Thanks for the compliment. The more I learn about the side effects of many prescription pain drugs the more I have become convinced that when possible people should search for natural ways to live with pain. Apart from internal damage, some drugs can do external damage such as peeling one’s skin. This can only make a stressful situation worse. In any case, I thank you for sharing your story.I believe that we are all better off when those in pain feel free to speak out.

  2. I love the analogy of pain in pictures. As an individual who suffers from Lupus and Chronic pain syndrome, I can relate. I make the choice daily to work through it. It is there but I can not let it own me, my day or my life. Some days are surely more difficult than others. I like to most closely relate to your last image. What lies behind it is “beautiful”. That is what I focus on and it gets me through a lot of it. I laughed at the multiple tab image and where the music was coming from. Haha, I know that feeling too! Thank you for the inspiring words and images. I will bookmark and return to this page for those tough days and the good 🙂

    1. Hello Christina,
      Your strength, resilience, humor, and kindness is such an inspiration for me that I’m always happy if I can give a bit of inspiration back. I’m glad that the post spoke to you.

      Sincerely,

      Thabo

  3. Thank you for this very helpful article. To be honest, I have very little understanding of chronic pain. And your article with the pictures truly opened my eyes. I now understand better.

    Just a question – I have a problem with my body. The doctor diagnosed it as Frozen Shoulder. What happened was I used to go to the gym when I was younger. During one session, I dislocated my right shoulder. Being young and foolish, I daringly pulled my shoulder back into position. There was very little pain, and the shoulder seemed all right again.

    Now, decades later, I am paying the price for the foolishness. The shoulder has frozen, and it is has lost its flexibility. I find it hard to reach for things above my head. Also, when I sleep the should will pulsing ache pains that keeps me awake at night.

    Is this a chronic pain? And is there a way to cure this?

    1. Hi Tim,

      As I am in the chronic pain niche I have become familiar with the issue of Frozen Shoulder. Chiropractic is an effective alternative treatment option for frozen shoulder because it focuses not on the symptoms, but on the root of the problem. For instance, pain medication treats pain—but not the underlying problem. Side effects from pain medication might only aggravate a person’s well being, and create complications but not resolution of the condition. Chiropractic can offer, most importantly, a preventive to occurrence and recurrence. More and more people are seeing the chiropractor for Frozen Shoulder. It might do you good to also consult a chiropractor. You might find that a combination of manipulation and deep massage therapy receives your condition. Frozen Shoulder can lead to deeper issues if not treated. So in that sense it might be considered chronic pain. However, with the right treatment it be kept from reoccurring. I hope that answers your question.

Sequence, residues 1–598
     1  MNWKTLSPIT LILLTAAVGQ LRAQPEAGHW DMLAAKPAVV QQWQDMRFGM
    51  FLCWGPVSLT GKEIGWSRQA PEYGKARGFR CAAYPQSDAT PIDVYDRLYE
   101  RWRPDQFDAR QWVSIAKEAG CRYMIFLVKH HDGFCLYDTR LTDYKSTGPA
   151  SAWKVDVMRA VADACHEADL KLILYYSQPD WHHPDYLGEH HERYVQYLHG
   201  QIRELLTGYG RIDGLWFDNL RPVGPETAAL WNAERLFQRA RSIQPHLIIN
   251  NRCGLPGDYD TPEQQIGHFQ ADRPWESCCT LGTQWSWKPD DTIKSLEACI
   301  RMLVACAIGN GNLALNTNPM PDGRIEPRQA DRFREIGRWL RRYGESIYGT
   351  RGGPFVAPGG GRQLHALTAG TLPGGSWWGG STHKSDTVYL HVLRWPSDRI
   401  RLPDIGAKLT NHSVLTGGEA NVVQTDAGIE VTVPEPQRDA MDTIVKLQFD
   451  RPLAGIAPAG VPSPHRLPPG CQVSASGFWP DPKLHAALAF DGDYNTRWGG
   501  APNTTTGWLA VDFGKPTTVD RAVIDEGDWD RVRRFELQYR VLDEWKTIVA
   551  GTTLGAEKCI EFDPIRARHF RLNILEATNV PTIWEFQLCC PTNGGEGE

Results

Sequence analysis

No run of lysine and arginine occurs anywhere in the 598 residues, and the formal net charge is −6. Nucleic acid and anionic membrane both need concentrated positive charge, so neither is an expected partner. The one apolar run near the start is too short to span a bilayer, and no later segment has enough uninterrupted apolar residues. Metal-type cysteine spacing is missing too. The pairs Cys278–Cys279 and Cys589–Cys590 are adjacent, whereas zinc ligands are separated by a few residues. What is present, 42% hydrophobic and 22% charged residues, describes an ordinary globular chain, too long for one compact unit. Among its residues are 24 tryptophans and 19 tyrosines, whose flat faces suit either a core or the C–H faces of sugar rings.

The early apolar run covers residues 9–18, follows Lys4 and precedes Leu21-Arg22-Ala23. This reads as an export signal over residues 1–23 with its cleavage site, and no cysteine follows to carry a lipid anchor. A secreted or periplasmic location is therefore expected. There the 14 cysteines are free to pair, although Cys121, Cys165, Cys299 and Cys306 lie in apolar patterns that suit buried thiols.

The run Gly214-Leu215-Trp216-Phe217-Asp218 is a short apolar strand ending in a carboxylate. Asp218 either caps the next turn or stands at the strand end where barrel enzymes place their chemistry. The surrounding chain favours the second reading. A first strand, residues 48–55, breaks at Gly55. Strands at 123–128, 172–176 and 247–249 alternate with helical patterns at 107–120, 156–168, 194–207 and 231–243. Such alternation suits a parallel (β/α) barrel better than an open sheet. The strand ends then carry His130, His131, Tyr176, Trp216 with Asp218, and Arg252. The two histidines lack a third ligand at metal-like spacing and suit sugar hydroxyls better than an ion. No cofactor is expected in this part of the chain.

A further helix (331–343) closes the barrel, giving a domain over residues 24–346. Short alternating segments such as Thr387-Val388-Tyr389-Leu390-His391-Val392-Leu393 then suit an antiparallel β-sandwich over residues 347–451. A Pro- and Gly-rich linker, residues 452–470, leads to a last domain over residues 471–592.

4. This was an excellent article on how people feel that experience chronic pain. It really is important to try to understand how a person is suffering, I know I have family member that live with back problems and because of not understanding, I wonder if they are really in pain or using it as an excuse. After reading this article I feel horrible but now I know that at times maybe they just pack the pain away in that box and continue to live life the best they can.

    Your article has helped me to understand more of what my family is going through and I am forever grateful.

    1. Hello Dena,
      Don’t be too hard on yourself. It’s not easy to understand what a pain sufferer goes through. Even as a caregiver I sometimes find myself being impatient with my mom, like when she keeps asking me to repeat things. Then I have to take a step back and realize that when someone is in pain it can distort what they are hearing, like static on a radio. You may think you’ve said everything clearly, but to them it’s static. That’s what chronic pain can do. So, it’s not easy to always be empathic to those who live in pain. It’s something that all non-pain people have to get better at, including me. This is why I wrote this post.